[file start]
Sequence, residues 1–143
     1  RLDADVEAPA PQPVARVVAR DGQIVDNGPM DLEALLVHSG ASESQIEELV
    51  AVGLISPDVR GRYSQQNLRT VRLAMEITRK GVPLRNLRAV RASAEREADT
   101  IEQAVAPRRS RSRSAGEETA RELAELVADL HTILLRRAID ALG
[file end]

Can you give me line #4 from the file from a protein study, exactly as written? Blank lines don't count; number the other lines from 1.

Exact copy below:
   101  IEQAVAPRRS RSRSAGEETA RELAELVADL HTILLRRAID ALG